On Oct. 26 House Judiciary Committee Chairman Lamar Smith (R-Texas) introduced H.R. 3261, the Stop Online Piracy Act, a bill seeking to crack down on the online piracy of music, movies and other intellectual property.
While H.R. 3261 is similar to S. 968, the PROTECT IP Act, which was introduced by Sen. Patrick Leahy (D-Vt.) in May, the two bills are not an exact match. The Stop Online Piracy Act is similar to S. 968 in that it also gives the attorney general new tools to block foreign-based websites from Internet users in the United States. In addition, Smith's bill also allows intellectual property owners to take action against websites, which is also similar to Leahy's measure. However, one difference in Smith's bill is that the unauthorized streaming of certain copyrighted content would be considered a felony punishable by a fine and up to 5 years in prison.
Following the introduction of the Protect IP Act, the tech industry has protested the bill, leading to its stalled progress within the Senate, and despite the bipartisan support for H.R. 3261, the tech industry has also come out against it, with complaints including that it is much broader and much more punitive than S. 968.
In April The Recording Academy lobbied in support of legislation that would target unlawful online piracy of intellectual property, specifically music, and shortly afterward the PROTECT IP Act was introduced. Following the introduction of the Stop Online Piracy Act, Recording Academy President/CEO Neil Portnow released the following statement:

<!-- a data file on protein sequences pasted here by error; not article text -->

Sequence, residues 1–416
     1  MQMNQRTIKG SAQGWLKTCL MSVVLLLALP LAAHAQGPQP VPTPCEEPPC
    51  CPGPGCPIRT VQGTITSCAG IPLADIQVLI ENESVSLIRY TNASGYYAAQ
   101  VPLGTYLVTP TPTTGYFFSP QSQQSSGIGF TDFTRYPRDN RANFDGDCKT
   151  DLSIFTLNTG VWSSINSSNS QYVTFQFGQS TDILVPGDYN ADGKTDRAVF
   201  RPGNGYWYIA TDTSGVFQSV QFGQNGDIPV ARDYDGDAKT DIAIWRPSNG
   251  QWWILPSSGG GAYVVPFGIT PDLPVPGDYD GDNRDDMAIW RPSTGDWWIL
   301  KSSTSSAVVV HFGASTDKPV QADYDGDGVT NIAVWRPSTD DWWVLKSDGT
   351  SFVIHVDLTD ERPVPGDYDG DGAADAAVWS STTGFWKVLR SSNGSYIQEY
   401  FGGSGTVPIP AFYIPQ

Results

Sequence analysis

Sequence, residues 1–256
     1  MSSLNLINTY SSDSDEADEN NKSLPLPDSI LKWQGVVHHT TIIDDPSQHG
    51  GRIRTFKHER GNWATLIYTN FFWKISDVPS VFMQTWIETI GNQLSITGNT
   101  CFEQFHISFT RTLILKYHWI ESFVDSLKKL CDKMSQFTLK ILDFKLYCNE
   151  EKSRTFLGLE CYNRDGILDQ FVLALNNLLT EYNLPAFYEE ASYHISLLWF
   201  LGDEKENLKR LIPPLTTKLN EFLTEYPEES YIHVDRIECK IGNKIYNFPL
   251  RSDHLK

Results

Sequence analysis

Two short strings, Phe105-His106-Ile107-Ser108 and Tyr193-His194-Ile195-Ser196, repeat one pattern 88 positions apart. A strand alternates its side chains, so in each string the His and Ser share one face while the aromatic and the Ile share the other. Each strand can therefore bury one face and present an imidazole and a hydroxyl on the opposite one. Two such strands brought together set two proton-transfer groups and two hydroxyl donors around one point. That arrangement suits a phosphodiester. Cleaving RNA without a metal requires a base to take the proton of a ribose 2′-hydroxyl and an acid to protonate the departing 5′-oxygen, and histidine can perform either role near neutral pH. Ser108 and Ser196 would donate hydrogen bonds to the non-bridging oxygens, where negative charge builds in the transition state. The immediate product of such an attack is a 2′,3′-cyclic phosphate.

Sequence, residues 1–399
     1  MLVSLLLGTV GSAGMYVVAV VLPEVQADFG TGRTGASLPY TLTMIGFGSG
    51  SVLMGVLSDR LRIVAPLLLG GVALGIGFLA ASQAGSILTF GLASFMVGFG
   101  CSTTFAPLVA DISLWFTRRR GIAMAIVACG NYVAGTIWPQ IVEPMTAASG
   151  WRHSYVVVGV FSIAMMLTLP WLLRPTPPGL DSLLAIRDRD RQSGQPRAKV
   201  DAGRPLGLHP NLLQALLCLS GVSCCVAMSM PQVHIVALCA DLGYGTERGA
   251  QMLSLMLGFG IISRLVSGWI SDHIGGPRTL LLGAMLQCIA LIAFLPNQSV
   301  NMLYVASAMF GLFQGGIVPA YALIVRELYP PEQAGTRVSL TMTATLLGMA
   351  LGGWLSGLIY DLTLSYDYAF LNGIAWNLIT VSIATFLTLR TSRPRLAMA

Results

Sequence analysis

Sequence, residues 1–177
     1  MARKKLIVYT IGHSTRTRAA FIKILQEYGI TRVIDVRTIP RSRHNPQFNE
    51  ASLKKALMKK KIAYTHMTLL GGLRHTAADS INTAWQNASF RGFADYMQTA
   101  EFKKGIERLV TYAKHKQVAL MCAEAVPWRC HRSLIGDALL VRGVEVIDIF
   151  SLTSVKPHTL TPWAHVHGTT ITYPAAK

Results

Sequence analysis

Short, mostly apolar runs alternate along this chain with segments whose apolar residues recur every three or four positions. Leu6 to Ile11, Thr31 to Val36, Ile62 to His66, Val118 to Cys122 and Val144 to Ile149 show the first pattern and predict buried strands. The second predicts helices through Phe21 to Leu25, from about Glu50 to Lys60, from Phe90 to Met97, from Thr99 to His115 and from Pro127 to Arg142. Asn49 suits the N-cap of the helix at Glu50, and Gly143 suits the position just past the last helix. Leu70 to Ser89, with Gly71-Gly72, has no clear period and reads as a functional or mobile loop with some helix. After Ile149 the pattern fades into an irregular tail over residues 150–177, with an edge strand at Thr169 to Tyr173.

"Music creators see introduction of the Stop Online Piracy Act as welcome news. At a time of high unemployment and slow economic growth, the IP sector should be a driving force for economic recovery. But to fulfill its potential, creators of IP must be protected from foreign companies that seek to rob America's creative community through rogue websites. The Recording Academy thanks Representatives Lamar Smith, John Conyers, Bob Goodlatte, and Howard Berman for sponsoring this important legislation."
The House Judiciary Committee will hold a hearing on the Stop Online Piracy Act on Nov. 16.